Depiction Of Women Roles In Victorian Society In Joseph Conrad’s Heart Of Darkness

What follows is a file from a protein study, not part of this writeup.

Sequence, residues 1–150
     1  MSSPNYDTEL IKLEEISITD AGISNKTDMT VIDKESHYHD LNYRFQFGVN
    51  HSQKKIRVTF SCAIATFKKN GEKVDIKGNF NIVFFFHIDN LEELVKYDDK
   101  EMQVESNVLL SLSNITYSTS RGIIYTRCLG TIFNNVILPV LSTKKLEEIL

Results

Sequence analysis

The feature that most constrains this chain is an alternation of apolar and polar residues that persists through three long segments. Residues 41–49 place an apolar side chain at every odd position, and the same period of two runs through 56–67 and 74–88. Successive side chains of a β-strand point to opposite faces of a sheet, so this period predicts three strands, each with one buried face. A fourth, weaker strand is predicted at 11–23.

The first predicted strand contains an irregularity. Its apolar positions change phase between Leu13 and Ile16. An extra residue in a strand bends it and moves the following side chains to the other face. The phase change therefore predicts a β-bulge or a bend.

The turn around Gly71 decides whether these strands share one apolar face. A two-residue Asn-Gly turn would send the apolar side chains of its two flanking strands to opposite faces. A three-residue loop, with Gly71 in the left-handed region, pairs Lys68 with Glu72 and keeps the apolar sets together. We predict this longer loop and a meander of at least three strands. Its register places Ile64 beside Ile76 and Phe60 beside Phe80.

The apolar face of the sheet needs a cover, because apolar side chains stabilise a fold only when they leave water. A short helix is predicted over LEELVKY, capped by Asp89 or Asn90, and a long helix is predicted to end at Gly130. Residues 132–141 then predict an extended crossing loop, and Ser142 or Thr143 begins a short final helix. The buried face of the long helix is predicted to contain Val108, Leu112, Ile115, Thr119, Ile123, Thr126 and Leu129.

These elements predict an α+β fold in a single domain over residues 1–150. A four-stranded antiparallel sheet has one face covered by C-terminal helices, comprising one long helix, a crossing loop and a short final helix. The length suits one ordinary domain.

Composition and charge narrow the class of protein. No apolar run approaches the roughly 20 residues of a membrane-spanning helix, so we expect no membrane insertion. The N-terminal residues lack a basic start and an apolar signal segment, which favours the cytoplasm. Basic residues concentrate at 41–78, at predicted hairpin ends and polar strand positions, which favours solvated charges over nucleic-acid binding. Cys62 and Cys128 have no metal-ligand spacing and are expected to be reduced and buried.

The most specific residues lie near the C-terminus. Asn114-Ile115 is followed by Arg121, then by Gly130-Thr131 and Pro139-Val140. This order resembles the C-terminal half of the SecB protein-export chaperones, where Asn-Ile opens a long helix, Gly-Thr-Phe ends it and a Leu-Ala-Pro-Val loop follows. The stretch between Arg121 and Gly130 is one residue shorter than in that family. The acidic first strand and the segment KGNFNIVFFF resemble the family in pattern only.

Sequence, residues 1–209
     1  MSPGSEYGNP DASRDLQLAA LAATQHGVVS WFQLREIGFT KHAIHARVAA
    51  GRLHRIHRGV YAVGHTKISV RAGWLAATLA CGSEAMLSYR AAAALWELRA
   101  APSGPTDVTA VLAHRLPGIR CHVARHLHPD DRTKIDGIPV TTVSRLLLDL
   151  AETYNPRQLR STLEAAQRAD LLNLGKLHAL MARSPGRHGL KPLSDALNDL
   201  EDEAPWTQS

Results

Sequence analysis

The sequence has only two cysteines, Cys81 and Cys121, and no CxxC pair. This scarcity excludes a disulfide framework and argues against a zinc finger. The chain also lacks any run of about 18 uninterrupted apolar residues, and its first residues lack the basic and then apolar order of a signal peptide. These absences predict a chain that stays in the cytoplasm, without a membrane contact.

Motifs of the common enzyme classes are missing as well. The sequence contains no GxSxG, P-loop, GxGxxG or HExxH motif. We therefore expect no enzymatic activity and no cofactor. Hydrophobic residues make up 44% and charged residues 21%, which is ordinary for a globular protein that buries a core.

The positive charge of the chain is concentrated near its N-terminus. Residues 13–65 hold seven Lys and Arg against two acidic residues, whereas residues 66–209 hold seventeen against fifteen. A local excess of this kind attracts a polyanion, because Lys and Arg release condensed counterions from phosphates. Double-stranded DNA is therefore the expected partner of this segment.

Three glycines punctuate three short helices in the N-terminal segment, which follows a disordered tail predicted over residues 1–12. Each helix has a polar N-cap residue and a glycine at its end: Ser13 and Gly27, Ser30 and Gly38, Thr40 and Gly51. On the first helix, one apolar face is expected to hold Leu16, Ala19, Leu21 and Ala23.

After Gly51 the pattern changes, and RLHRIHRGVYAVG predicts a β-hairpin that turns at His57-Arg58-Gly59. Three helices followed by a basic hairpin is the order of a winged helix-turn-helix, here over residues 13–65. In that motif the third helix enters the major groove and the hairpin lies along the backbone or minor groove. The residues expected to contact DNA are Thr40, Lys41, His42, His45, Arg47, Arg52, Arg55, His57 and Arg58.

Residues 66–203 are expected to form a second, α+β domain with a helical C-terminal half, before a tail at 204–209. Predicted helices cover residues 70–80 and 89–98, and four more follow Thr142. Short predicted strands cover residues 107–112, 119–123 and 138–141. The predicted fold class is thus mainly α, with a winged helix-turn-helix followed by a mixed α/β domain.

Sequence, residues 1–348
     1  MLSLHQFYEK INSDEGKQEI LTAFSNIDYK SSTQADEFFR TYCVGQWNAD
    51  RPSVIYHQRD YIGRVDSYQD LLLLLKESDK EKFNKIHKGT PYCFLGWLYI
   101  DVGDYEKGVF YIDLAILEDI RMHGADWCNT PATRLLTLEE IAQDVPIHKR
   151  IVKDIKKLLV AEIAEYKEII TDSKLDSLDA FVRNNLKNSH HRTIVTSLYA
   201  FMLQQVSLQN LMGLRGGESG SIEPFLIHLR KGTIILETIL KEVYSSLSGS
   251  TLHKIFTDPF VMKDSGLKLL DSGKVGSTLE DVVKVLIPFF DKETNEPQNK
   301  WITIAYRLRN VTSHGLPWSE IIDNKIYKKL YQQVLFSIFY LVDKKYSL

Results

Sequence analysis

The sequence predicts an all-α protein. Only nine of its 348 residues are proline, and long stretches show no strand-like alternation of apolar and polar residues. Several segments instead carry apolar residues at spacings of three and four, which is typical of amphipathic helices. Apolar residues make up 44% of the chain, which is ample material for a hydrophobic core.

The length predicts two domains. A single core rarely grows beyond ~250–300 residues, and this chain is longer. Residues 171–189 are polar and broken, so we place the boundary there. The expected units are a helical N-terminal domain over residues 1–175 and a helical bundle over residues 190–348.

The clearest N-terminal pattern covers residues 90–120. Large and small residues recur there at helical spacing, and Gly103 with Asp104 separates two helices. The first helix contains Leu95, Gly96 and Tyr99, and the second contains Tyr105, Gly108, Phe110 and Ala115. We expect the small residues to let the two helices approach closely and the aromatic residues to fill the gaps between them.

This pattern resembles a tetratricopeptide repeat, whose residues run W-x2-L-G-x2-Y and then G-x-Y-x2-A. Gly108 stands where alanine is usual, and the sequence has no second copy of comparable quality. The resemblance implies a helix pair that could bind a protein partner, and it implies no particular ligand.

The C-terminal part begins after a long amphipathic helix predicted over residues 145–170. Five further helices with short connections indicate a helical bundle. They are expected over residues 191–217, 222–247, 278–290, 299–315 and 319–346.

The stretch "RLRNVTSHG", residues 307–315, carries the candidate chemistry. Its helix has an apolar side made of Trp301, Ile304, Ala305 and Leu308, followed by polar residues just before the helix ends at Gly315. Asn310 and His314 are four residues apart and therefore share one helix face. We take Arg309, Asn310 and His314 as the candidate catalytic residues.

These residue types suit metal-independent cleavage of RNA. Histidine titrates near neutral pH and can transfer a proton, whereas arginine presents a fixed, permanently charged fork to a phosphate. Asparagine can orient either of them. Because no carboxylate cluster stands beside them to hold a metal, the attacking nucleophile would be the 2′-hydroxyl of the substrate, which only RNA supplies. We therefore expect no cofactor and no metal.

Written in 1899, Heart of Darkness encompasses how societal roles undermine feminine growth during the Victorian Era. As feminism was becoming increasingly more powerful, the constraints against women and their purpose were exposed. Women were restrained in all aspects of life including education, marriage, and expectation. A proper education for a woman was a loose term for understanding her domestic roles as a future housewife in the late 1890s. A woman was expected to have a thorough, but not exceeding knowledge of music, art, dancing and language, for anything more would be damaging to societal norms. Well educated women and girls were expected to lessen their erudition with a feminine and graceful manner, demonstrating their expected subordination to men and boys. In addition to being intellectually restrained by a patriarchal society, a woman’s sexuality and passions were also expected to be alleviated. A young girl was not expected to focus on finding a husband or love interest. A woman who showed sexual desire was considered too ‘forward’ and suggested a worrying sexual appetite. Women were assumed to desire marriage because it allowed them to become mothers rather than to pursue sexual or emotional satisfaction. In order to gain permission to marriage, a young man needed to be able to show that he earned enough money to support a wife and any future children, reinforcing the idea that men were to always provide for the women and children. These Victorian societal expectations are not only demonstrated in Joseph Conrad’s Heart of Darkness, but exploit the sexism of the men who enforced them. Through the few female characters that Conrad includes in his narrative, women in his story are depicted as they are in society, while exposing how men limit them by restricting their roles and purposes.